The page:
Plugging in the Hardware

Now that you've collected your current settings, you are ready to rock and and unplug things.

The first thing to do is to power down the computers on your network, as well as any hubs, switches, or routers, and your cable or DSL modem. You might have to unplug the modem to turn it off because many of these devices don't come with power switches.


The port, or socket, for the Ethernet cable on the modem will probably be marked, logically enough, "Ethernet." Ignore the USB socket, which you will also find on many broadband modems, unless you want to plug a USB printer, or other USB device you want to share, in to it.

If an Ethernet cable is plugged in to the back of the modem, unplug it.

Next, using an Ethernet cable (you'll probably find one provided by the access point manufacturer), connect the cable to the appropriate socket on the access point. This socket will probably be labeled "Internet" or "WAN." (WAN is short for wide area network; one way of looking at the Internet is that it is a great, big WAN.)

Now, connect the wired computers and other devices (such as printers) in your network (if you plan to include wired devices) to the appropriate ports on the back of your access point/router, usually numbered 14.


If you're not sure which socket to plug in to on your access point, take a look at the pictures of wireless access point connectors in Chapter 12.

If your access point/router has a number of wired sockets, the Ethernet ports might simply be numbered. Otherwise, if your access point has routing capability (as most do today), there will probably be at least one Ethernet socket for your wired network.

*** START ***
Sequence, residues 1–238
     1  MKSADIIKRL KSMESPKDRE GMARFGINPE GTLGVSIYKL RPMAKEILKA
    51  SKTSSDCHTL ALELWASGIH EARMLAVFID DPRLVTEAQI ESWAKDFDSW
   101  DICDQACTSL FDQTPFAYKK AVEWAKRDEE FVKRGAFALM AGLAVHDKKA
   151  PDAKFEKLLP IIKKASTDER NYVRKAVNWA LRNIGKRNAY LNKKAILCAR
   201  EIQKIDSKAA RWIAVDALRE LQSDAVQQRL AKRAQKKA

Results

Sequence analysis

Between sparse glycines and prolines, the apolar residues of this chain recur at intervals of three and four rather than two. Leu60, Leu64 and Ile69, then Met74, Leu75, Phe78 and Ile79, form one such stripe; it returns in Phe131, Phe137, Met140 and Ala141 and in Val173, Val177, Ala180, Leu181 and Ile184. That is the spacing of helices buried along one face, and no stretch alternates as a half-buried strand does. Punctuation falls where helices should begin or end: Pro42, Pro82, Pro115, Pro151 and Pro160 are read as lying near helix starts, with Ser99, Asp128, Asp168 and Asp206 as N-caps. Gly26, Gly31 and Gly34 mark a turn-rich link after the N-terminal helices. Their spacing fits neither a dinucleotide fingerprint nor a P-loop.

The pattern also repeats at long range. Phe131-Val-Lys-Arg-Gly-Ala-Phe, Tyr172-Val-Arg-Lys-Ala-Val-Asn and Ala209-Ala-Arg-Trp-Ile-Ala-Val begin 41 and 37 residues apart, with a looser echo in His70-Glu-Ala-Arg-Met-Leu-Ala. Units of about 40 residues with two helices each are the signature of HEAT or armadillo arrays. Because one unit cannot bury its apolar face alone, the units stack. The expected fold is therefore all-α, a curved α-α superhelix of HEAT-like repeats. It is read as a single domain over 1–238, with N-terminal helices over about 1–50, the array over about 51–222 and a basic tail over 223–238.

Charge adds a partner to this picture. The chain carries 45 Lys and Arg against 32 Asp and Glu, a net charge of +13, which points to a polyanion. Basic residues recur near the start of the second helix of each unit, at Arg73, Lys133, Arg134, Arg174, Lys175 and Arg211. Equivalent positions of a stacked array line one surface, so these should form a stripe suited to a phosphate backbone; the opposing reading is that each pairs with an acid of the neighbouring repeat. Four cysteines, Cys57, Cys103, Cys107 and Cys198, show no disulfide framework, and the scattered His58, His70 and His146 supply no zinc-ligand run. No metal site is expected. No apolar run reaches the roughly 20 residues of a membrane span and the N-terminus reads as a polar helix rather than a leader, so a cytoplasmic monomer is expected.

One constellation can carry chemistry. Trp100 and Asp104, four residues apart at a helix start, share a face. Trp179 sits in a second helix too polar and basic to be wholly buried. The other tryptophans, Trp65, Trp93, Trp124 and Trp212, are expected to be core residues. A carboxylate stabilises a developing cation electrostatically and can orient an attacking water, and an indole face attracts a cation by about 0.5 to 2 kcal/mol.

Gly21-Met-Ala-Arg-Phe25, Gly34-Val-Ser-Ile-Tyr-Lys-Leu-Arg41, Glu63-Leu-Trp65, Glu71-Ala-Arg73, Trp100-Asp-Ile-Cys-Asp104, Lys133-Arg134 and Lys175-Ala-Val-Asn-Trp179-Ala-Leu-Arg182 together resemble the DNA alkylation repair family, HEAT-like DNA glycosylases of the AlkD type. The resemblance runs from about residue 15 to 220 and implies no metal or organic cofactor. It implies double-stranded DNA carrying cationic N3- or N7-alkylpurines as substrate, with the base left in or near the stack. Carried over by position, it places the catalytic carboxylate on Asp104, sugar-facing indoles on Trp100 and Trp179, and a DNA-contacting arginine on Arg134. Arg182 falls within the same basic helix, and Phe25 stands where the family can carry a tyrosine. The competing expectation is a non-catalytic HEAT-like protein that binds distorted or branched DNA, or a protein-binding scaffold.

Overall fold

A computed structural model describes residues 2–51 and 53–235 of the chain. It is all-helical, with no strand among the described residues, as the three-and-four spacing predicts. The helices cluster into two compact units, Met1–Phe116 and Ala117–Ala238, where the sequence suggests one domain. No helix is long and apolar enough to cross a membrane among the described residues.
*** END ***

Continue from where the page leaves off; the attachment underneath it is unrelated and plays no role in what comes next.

If it is a single Ethernet socket, it might be labeled "Ethernet" or "LAN" (short for local area network). On the Apple Extreme Base Station, the Ethernet out port is designated with a special symbol that looks like two angled brackets with dots in between: < ... >.

If there is only one port for your wired devices, or if the number of ports provided on a combo wired-wireless unit is not sufficient, you might have to use a hub, or switch, to add additional Ethernet ports to the wired portion of your network. Don't worry; you can easily find very cheap hubs (or switches) that are fine for this purpose.


Try to position the access point somewhere where it is off the floor. If possible, if you have a house with more than one story, the upper floor is good.

The access point should also not be covered by any bulky, particularly metal, objects. Finally, it should be located away from anything that might interfere with its broadcasts, such as microwaves, cordless phones, and other Wi-Fi access points.

Wi-Fi broadcasting can be very sensitive to physical positioning and the materials it is trying to go through. For example, signals fall off radically if you try to go through large house plants (because of their high water content). Because you can't "see" Wi-Fi radio signals, it can be hard to know what is wrong.

If you are having trouble with the range and strength of your Wi-Fi signals, as a first step, you should experiment with repositioning your access point.

When everything is wired up, it should look like the diagram shown in Figure 13.8. The modem is connected to the Internet; the access point is connected to the modem; and the internal, wired network (if there is one) is connected to the access point.

Figure 13.8. The Internet is connected to the modem, which is connected to the access point, which is connected to your wired network (if you have one).

Anywhere Computing with Laptops. Making Mobile Easier
Anywhere Computing with Laptops. Making Mobile Easier
ISBN: 789733277
Year: 2004
Pages: 204 © 2008-2017.
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